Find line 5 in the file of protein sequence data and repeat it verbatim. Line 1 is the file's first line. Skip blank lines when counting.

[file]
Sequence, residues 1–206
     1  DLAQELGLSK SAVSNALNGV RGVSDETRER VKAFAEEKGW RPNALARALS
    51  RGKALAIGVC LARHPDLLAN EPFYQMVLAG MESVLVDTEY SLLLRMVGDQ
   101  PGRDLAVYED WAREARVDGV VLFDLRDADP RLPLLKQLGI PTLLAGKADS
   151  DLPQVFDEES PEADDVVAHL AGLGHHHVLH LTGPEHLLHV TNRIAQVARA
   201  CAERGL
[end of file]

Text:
   151  DLPQVFDEES PEADDVVAHL AGLGHHHVLH LTGPEHLLHV TNRIAQVARA